HUNT: OK. So let's pull back from what happens after a little bit to what happens in the immediate months. This January suggestion that they could stop -- that Israel could stop the bombing campaign and this suggestion -- and I think this is something U.S. officials are increasingly pushing on behind the scenes. And some, like Lloyd Austin, the Defense secretary, are saying it increasingly in public that there is a loss, potentially, of support for Israel in the international arena based on how this campaign is being conducted.

Is there a recognition of that inside Israel? Is there a rejection of that idea? Do you think that the January timeline to see this war continue for another month, month and a half, two months is the likely outcome? And do you worry at all about Israel's standing in the world if that's how it plays out?

MAYER: Look, I think Israel entered this campaign with two stated goals.

The first, of course, to bring the hostages home. We see that 118 hostages have, indeed, been brought home, and in Israel's understanding it was the military campaign that applied the pressure necessary to force Hamas to essentially release those hostages. And, of course, the second piece is to eradicate Hamas' ability to ever carry out a massacre like October 7 ever again.

Those remain the two central goals and Israel will continue to do whatever it has to do for as long as it has to do them in order to bring those goals to fruition. I think we've seen a great deal of understanding by the U.S. administration and by other allies in the West and elsewhere that Israel needs to pursue these goals. That Israel has been the target of an unprecedented massacre, which is why it had to set about this campaign.

There have been various timelines that have been discussed, including by military officials and diplomatic officials about what might that look like and how long it might take. I have heard a similar timeline that we could see an end to the current round of hostilities in Gaza by sometime in January.

But I think what we'll have to see over the next two weeks is how that campaign proceeds. How Israel is able to specifically intercept those Hamas threats and militants and their weapon storages in Gaza before we're able to sort of figure out how we can move on to the next stage of the campaign.

HUNT: All right, Avi Mayer, of the Jerusalem Post. Always very grateful for your time, sir. Thanks for being on the show.

MAYER: Thank you for having me.

HUNT: All right.

Still ahead, what House Speaker Mike Johnson said he's doing to protect January 6 Capitol rioters. And a scary revelation from the FBI director about potential Hamas-inspired threats inside America.




JIMMY FALLON, HOST, NBC "THE TONIGHT SHOW WITH JIMMY FALLON": Watching these debates is like watching a middle school play. It doesn't really matter, you just hope that they're having fun up there, yeah?


HUNT: Tonight, the final Republican debate before the Iowa caucuses with these four GOP presidential contenders. You'll notice that former President Trump is, once again, not among them. It's Chris Christie, Ron DeSantis, Nikki Haley, Vivek Ramaswamy.

Let's bring in Republican strategist and former RNC communications director, Doug Heye. Doug, good morning.


HUNT: Thank you for being here.

Just on this debate, I guess, Trump's still not there. It doesn't matter or is Fallon right? Is this just a middle school play?

HEYE: Well, both can be true at the same time. And the reality for these candidates are they've spent over a year not going after Donald Trump. Every time Donald Trump gets indicted they back up Donald Trump. They reinforce his messaging.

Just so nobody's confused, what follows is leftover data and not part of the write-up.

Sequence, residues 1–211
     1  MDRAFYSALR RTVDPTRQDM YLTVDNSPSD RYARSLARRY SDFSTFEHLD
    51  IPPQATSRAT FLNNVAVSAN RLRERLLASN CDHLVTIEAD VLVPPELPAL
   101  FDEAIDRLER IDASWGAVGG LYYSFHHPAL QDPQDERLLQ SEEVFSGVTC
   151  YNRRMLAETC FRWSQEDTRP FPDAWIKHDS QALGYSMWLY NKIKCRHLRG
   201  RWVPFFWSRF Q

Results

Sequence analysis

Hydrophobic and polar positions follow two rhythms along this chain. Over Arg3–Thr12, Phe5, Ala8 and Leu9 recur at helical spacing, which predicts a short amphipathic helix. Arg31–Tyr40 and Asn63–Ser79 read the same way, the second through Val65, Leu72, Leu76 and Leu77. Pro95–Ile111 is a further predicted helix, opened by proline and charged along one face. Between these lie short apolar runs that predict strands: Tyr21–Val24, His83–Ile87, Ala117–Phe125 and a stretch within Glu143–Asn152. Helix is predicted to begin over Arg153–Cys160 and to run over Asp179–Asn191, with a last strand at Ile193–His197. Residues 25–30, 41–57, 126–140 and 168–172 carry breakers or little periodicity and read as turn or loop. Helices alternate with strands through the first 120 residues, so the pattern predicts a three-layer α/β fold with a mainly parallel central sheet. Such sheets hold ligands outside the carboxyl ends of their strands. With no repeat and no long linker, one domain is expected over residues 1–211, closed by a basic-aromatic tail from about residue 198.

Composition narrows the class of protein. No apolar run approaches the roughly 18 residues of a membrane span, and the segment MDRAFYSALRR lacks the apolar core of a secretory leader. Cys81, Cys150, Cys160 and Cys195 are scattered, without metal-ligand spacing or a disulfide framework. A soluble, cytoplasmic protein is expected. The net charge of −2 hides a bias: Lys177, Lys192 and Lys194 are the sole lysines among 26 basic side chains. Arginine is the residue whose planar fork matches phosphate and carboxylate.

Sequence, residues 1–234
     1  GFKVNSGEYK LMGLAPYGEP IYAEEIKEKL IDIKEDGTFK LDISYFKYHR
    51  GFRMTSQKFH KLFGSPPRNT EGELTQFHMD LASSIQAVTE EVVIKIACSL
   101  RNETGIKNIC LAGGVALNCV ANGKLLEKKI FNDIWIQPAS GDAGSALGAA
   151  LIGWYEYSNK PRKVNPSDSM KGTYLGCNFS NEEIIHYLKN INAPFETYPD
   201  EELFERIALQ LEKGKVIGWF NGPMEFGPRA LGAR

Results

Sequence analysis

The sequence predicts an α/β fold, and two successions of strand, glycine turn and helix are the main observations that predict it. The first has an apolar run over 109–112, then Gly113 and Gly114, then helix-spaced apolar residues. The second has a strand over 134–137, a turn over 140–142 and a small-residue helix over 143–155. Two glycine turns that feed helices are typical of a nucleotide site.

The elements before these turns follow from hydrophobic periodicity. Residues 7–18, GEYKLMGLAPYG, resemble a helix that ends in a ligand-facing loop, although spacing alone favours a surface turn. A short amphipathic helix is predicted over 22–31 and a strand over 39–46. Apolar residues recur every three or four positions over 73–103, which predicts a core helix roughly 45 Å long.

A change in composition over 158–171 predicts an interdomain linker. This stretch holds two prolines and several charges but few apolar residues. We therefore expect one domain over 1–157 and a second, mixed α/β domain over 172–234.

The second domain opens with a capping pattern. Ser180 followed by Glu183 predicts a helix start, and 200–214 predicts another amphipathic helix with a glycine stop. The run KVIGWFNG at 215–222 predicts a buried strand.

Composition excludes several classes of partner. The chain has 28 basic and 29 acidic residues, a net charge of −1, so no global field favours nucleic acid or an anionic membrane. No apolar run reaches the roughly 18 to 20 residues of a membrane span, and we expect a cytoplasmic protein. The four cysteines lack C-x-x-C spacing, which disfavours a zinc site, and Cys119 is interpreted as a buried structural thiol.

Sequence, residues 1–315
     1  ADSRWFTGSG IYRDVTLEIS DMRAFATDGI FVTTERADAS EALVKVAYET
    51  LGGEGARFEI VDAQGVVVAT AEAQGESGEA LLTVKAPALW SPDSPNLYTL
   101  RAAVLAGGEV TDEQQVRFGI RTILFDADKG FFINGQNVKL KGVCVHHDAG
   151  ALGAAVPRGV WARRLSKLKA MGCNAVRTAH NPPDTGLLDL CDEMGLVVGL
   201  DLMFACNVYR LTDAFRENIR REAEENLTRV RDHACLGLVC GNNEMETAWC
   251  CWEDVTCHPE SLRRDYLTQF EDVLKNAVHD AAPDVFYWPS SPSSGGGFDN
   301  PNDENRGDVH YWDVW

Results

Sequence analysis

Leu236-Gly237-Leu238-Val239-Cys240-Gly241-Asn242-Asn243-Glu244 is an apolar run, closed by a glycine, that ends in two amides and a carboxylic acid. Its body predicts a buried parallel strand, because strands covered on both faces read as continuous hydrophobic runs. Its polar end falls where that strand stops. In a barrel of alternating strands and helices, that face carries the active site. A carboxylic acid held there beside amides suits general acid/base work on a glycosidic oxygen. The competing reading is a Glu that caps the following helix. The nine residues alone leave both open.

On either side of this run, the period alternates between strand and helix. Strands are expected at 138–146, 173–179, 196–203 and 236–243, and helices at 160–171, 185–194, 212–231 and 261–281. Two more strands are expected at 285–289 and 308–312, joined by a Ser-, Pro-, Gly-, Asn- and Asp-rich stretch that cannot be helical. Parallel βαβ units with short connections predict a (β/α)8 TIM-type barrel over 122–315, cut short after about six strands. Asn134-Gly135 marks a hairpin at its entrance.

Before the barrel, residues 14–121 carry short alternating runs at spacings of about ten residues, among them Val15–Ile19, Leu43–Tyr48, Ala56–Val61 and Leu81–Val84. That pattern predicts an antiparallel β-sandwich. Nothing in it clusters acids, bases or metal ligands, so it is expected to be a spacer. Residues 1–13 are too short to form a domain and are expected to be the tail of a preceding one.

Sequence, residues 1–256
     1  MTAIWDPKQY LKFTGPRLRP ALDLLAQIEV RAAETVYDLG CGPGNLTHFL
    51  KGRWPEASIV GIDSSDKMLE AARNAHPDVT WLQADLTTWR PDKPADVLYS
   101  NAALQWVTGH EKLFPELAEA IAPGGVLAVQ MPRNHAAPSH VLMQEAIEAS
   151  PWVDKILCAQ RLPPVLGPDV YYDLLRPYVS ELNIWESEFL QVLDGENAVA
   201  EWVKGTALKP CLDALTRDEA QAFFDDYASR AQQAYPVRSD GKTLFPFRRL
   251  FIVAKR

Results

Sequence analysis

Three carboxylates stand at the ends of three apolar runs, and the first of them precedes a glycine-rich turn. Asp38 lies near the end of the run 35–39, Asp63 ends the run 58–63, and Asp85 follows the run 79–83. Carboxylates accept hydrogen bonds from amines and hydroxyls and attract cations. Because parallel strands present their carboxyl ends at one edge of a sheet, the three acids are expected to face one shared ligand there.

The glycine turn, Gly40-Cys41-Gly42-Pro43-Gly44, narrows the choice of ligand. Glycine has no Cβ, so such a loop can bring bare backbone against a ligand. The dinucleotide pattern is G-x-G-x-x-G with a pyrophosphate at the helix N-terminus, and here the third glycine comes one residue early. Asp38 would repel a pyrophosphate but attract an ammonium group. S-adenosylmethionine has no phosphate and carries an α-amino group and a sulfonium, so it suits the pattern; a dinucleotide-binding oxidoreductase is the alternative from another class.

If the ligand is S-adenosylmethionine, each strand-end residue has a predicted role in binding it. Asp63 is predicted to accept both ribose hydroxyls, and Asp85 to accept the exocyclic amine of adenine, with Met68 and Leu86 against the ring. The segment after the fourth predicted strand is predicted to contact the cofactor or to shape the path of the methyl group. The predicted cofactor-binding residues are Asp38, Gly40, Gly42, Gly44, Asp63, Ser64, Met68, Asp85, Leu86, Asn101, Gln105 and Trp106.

So we see Donald Trump get indictment and then we wonder two weeks later why they haven't moved his poll numbers. And it's because Republican candidates haven't given Republican voters a place to go. This is maybe their last opportunity to give those voters a place to go.

We've seen good debate nights from Nikki Haley. But essentially, Nikki Haley did better than Ron DeSantis, or Ron DeSantis did better than Asa Hutchinson, which leads to the question: who cares? It's up to these candidates to make voters care and they do that by understanding that the nomination does not go around Donald Trump, it goes through him.

HUNT: Right. Well, and Doug, you and I both know that the conversation right now is about what a second Trump term could look like.

HEYE: Yeah.

HUNT: The Atlantic magazine has devoted its entire issue. They just called it a warning.

HEYE: Um-hum.

HUNT: Liz Cheney out on a book tour talking about the threat he would pose, in her view, to democracy.

And then, last night with Sean Hannity, Donald Trump was pretty straightforward --

HEYE: Um-hum. HUNT: -- about what he would do. He was asked directly and I think Hannity was trying to get him to say that he wouldn't be a dictator if he was elected. But this is actually how he answered the question. Take a look.


HANNITY: Under no circumstances, you are promising Americans tonight you would never abuse power as retribution against anybody?

TRUMP: Except for day one.

HANNITY: Except for --

TRUMP: He's going crazy. Except for day one. I want to close the border and I want to drill, drill, drill.

HANNITY: That's not a -- that's not --

TRUMP: Oh, no.

HANNITY: That's not retribution. I got --

TRUMP: I'm going to be -- you know, he keeps -- they love this guy. He says, "You're not going to be a dictator, are you?" I said, "No, no, no -- other than day one. We're closing the border and we're drilling, drilling, drilling. After that, I'm not a dictator."

HANNITY: Well, that --


HUNT: Doug, that crowd's laughing. What's your reaction?

HEYE: Yeah. Well look, that's what we've come to expect from Donald Trump. He always says the quiet part not out loud -- very, very loud.

And I think we know that you can't be dictator on day one and then day two revert back to democracy. Day one is going to last for a long time. Think of the book of Genesis. Day one goes on for a very long time.